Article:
Neli, a bright, young Bulgarian woman, engaged to a well-off American panics and runs back home. She reunites with her drifter friends and the wild life of her past. Among stray dogs and ... See full summary »
Sam, a major driver behind economic policy, devises a plan to get the country out of a depression by harnessing the power behind people's desires for conflict. In the process he unveils a hidden force that controls us all.
Raymond J. Barry,
BIPOLARIZED is about one man's personal journey to heal. Diagnosed with bipolar disorder, Ross' psychiatrist told him he would live with the disorder for the rest of his life and that he ... See full summary »
When political turmoil forces a British-Caribbean dictator to flee his island nation, he seeks refuge and hides with a rebellious teenage girl in suburban America, and ends up teaching the young teen how to start a revolution and overthrow the "mean girls" at her high school.
The movie is based on the life of director Paul dalio. See more »
The sun shined as bright as its flame could blaze Trying so hard each day to reach down And touch each face. But they all turned away, bitterly squinting, wincing, so no matter how much it reached out to the human race, it knew it would always be estranged.
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The only way to truly understand and appreciate this movie is if you are bipolar
As much as I wish I could, it would not be fair to give this film a higher rating than I have, the reason being that I understand why it is completely impossible for the vast majority of viewers to ever find this film as moving as I do. Those of us who are members of the elite craft that Marco mentions all see this movie through a completely different lens than those who do not live every day of our lives with this thing that can be just as accurately categorized as an illness as a gift.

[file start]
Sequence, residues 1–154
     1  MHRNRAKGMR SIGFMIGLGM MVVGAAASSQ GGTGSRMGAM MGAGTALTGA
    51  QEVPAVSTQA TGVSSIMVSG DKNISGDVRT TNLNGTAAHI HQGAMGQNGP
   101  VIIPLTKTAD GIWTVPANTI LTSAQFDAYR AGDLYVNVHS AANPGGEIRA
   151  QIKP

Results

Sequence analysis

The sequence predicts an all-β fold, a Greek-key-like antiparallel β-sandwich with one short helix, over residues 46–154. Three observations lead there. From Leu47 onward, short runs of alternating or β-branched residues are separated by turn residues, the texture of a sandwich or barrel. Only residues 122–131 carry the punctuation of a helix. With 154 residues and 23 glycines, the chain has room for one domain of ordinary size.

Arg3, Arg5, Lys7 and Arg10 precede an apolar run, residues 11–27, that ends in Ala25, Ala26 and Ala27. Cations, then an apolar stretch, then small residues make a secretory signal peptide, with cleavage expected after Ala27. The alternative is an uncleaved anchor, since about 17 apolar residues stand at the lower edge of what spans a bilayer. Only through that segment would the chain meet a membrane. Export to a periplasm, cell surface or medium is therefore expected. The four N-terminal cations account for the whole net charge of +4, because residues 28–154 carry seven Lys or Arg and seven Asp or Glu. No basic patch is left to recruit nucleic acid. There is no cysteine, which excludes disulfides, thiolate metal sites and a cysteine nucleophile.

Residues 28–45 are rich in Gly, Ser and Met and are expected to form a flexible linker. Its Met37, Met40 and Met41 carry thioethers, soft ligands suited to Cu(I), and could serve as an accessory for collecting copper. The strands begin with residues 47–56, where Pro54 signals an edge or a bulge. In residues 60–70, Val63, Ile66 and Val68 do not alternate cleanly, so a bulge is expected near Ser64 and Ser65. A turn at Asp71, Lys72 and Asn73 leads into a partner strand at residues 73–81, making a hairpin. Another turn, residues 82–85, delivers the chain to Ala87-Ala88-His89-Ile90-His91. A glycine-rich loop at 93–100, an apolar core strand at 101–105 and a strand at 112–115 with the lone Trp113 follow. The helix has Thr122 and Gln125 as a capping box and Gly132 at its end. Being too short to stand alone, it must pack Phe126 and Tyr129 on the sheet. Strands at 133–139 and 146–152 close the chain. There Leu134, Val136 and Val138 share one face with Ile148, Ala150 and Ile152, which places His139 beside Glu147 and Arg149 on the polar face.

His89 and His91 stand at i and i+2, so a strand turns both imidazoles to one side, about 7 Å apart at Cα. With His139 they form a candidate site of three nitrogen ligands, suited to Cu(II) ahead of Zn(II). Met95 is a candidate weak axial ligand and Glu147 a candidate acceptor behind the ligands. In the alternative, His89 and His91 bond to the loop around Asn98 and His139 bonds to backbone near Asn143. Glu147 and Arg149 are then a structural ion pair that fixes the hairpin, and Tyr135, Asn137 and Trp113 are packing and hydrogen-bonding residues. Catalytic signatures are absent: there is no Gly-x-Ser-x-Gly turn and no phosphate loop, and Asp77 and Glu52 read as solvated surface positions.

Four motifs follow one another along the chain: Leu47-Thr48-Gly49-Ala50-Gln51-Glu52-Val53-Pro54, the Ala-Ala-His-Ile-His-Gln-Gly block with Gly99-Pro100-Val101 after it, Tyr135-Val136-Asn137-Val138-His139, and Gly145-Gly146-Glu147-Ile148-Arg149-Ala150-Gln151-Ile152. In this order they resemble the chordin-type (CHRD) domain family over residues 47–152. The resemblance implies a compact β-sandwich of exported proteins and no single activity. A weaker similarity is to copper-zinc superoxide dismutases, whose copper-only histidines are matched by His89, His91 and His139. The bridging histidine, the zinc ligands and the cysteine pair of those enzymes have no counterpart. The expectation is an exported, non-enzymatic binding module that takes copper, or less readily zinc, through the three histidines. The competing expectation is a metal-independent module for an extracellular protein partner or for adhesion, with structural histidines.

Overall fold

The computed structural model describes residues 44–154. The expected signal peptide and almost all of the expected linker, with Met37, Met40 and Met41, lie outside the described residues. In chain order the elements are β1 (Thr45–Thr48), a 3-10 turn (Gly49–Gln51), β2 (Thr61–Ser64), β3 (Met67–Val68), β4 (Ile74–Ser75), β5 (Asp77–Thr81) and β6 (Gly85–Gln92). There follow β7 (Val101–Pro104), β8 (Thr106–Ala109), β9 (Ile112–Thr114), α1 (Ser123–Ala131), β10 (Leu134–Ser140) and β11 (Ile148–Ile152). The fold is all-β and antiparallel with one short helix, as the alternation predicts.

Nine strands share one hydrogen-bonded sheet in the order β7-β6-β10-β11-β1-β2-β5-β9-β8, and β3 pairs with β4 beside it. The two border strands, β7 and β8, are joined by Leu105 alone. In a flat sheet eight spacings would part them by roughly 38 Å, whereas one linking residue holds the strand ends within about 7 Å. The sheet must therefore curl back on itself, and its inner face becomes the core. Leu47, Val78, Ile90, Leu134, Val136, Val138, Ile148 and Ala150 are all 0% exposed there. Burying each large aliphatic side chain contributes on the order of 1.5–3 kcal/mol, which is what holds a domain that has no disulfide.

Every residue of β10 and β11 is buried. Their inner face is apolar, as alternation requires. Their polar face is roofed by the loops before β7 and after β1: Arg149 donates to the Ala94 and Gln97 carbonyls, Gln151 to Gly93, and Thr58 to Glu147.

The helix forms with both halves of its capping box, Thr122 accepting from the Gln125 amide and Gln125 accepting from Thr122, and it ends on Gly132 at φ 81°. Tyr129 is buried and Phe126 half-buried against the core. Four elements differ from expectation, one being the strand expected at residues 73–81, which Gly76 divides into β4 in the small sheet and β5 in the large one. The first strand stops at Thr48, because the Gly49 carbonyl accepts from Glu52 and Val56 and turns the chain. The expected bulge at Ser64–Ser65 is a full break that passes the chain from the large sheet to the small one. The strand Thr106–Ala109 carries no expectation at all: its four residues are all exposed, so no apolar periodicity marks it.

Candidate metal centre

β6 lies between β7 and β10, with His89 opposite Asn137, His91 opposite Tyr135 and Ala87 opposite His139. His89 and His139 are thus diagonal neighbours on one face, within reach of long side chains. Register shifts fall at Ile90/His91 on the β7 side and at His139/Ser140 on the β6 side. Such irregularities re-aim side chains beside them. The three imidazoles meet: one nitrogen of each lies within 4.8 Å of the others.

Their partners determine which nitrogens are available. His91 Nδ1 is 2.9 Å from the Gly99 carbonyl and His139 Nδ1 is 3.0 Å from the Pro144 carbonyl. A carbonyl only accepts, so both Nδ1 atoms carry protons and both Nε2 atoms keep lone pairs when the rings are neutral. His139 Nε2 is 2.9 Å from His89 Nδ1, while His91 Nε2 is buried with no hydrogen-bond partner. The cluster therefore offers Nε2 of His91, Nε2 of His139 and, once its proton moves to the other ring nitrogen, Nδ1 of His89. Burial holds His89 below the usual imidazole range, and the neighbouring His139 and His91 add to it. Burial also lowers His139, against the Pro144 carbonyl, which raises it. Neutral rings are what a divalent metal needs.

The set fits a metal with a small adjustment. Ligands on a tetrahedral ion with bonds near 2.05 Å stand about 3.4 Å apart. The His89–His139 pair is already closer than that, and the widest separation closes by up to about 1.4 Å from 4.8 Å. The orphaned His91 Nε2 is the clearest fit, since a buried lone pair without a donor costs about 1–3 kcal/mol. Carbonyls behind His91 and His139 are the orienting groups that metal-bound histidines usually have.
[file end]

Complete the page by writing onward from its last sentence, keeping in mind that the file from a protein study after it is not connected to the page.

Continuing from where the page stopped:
Paul Dalio, writer, director, editor and composer of this film, has been through the experience of being hospitalized with a manic episode and subsequently diagnosed and medicated. Using his artistic gift for film making, he has created a story that attempts to show the world what it's like to experience life with bipolar disorder. It is a very nice story that does a good job of deeply exploring the subject matter. However, although he clearly has a gift for storytelling, Dalio's attempt creates something that may be difficult or impossible for most of his audience to relate to. Those of us with bipolar have the same experience when watching this movie as the boomer generation has when watching Forrest Gump - constantly saying to ourselves, "Wow, yeah, I remember that." Everyone else sees something very different, and I could easily understand if the majority of people who see this movie either don't understand it or find it mediocre.
It may be a while before the world is really ready for this movie. Psychology is still a fairly new subject that has only been studied in depth by more than just a few people for the last sixty years or so. I do hope the day will soon come when bipolar disorder will be much better understood by everybody. If that day ever does arrive, then and only then will this movie ever become the classic that I believe it deserves to be.
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